[Deathpenalty] death penalty news----FLORIDA
rhalperi at mail.smu.edu
Thu Dec 11 21:49:34 CST 2008
Death Penalty Decision Months Away in High Profile Murder
A judge said Thursday she would hold off for several months deciding
whether convicted killer Rhonda Norman should receive the death penalty or
life in prison.
Last summer a jury convicted Norman of beating and stabbing to death Jane
Tackaberry in her West Palm Beach home. Norman was also found guilty of
the attempted murder of Tackaberry's 6-year old grandson Elijah. In
November, by a vote of 9 to 3, the same jury recommended the death penalty
At Thursday's hearing, where lawyers made their final arguments on
Norman's sentence, Judge Sandra McSorley said she will wait until after
Norman's co-defendant Wes McGee goes on trial, before ruling. McGee's
trial is set for February.
Thursday prosecutor Craig Williams again played recordings of Norman's
statements to police, including portions which were not played at trial
for legal reasons. Norman told detectives she recruited an accomplice off
the streets she didn't even know, to get revenge against ex-boyfriend John
Tackaberry. Tackaberry's mother Jane had just weeks earlier told Norman to
move out of the family's home. In her taped statements, Norman coldly
described the attacks and told officers she didn't care Jane was dead, and
eventually admitted she wanted Elijah to die too.
As the recordings played, John Tackaberry, the boy's father and target of
Norman's attacks, sobbed uncontrollably at times. He ultimately walked out
of the courtroom. Afterward Tackaberry explained, "It's just so painful to
hear her talk about it so bluntly, like it's natural for her to take my
son while he was sleeping and cut his throat, and to beat my mom up and
kick her face in." Tackaberry said he'd written a letter to the judge
asking that Norman be given the death penalty.
During the hearing, one of Norman's lawyers, Gregg Lerman, told Judge
McSorley it was accomplice Wes McGee who actually committed the deeds that
led to Jane Tackaberry's death. For that and a list of other reasons,
Lerman said Norman does not meet the criteria for the death penalty.
(source: WPEG News)
Murderer's Death Penalty Overturned----Mark Poole to Get a New Hearing
Convicted murderer Mark Anthony Poole, who was sentenced to death in 2005,
is no longer on death row.
The Florida Supreme Court ruled Thursday that Assistant State Attorney
John Aguero erred when he asked witnesses about Pooles prior criminal
history during the sentencing hearing in Poole's trial.
The court upheld Pooles conviction on 1st-degree murder, rape and armed
robbery, but overturned his death sentence and sent the case back to state
The State Attorney's Office will seek the death penalty again.
Now the Circuit Court will schedule another hearing before handing down a
Poole was convicted of fatally beating 24-year-old Noah Scott with a tire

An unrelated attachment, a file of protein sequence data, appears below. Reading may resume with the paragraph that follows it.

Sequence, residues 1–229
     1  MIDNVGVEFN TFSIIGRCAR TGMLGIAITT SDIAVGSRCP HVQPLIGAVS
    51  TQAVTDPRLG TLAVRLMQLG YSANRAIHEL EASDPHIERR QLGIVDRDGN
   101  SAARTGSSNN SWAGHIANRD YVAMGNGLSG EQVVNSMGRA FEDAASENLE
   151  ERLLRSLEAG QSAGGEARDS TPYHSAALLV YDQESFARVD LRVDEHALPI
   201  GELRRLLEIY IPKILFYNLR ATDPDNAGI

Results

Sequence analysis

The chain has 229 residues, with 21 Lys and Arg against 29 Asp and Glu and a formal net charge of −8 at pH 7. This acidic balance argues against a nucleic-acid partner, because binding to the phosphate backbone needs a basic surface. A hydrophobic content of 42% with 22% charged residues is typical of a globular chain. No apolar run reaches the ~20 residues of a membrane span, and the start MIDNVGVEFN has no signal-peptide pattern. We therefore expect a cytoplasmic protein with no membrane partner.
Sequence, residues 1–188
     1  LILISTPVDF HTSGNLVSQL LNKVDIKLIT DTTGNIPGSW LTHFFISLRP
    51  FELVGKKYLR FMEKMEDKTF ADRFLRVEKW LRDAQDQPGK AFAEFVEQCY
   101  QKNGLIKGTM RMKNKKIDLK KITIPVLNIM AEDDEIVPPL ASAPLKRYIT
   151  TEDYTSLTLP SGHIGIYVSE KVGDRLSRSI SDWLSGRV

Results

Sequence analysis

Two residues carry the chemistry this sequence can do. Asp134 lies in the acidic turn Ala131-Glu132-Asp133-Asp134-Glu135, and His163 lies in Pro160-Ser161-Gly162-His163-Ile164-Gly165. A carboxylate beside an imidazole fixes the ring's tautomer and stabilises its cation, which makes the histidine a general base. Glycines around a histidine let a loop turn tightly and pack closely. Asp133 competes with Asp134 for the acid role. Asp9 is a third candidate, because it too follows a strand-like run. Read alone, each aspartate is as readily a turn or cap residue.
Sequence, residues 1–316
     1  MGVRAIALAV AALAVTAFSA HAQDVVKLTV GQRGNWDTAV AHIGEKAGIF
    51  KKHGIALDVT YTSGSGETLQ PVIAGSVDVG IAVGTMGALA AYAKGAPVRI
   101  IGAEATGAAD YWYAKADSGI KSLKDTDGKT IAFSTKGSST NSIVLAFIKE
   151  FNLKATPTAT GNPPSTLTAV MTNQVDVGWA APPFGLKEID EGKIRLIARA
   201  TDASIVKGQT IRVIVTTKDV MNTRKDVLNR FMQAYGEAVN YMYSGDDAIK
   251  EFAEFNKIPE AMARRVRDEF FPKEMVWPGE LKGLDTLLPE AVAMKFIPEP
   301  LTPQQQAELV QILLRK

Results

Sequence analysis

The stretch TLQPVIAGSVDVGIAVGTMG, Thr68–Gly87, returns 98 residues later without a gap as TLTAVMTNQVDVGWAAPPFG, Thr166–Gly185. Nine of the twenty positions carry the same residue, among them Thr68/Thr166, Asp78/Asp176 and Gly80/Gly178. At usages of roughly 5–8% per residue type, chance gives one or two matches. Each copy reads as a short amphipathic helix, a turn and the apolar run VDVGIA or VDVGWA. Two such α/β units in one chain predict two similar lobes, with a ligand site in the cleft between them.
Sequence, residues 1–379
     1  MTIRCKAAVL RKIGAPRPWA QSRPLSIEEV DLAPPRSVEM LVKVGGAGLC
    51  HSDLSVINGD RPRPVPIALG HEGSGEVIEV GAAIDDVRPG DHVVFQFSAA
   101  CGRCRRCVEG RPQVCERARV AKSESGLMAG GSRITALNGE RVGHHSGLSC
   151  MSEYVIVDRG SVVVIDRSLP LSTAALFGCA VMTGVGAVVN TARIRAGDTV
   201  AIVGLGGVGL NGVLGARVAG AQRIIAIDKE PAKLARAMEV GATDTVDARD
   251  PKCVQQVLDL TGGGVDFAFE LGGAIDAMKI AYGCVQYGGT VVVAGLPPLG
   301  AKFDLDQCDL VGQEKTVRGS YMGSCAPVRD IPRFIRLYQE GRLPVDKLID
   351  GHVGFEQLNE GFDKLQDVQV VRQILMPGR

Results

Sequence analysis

iron during a 2001 home invasion.
Polk Circuit Judge J. Dale Durrance sentenced Poole to death for the
murder and four consecutive life sentences for related charges, including
the rape and attempted murder of Scott's 18-year-old fiancee, who was
pregnant at the time.
A jury spent about 30 minutes deliberating April 27, 2005, before
convicting Poole of 1st-degree murder, attempted 1st-degree murder, sexual
battery, armed burglary and armed robbery.
The same jury spent about as much time deliberating May 4, 2005, before
unanimously recomm-ending that Poole should die.
Prosecutors described the fatal home invasion as follows:
In October 2001, Scott and his girlfriend were living in the Orangewood
Village Mobile Home Park on North Florida Avenue.
The woman was about 5 months pregnant with Scott's child.
As the couple slept, Poole broke into Scott's mobile home late on Oct. 12,
2001, or early the next morning.
Using a tire iron, Poole hit Scott at least 13 times in the head as Scott
tried to save his fiancee from being raped.
Poole beat the woman with the tool, too. She sustained 9 cuts to her head,
some so deep they exposed her skull.
Poole rummaged through the house and stole some video games and game
equipment. Before leaving, Poole went back to again molest the woman.
The judge said that Poole's actions were so "conscienceless or pitiless
and unnecessarily torturous" that they rose to the level of "heinous,
atrocious and cruel" -- an aggravating circumstance that can provide the
legal basis for a death sentence.
Mitigating evidence presented by Poole's lawyers didn't outweigh the
aggravating circumstances prosecutors presented, Durrance said.
2 mental health experts testified that Poole isn't insane but does have a
low intellect, a substance-abuse problem and moderate brain damage.
Durrance said he considered that evidence.
The judge noted that Poole has criminal histories in Texas, Louisiana,
Mississippi, Georgia, South Carolina and Florida.
Durrance dismissed the defense's claim that Poole was a religious person.
The judge pointed out that Poole didn't seize an opportunity to show
sorrow at a July 22 hearing.
"You offered no apology," Durrance said. "You showed no repentance, and
you demonstrated no remorse."
Instead, Poole expressed his dissatisfaction with Assistant State Attorney
John Aguero, his own defense lawyers and the makeup of the jury.
"He complained that the weapon should not have been called a crowbar
because it was only a tire iron, and he complained that the victim,
(Scott's fiancee), was provided tissues while on the witness stand,"
Durrance wrote in his order.
(source: Lakeland Ledger)
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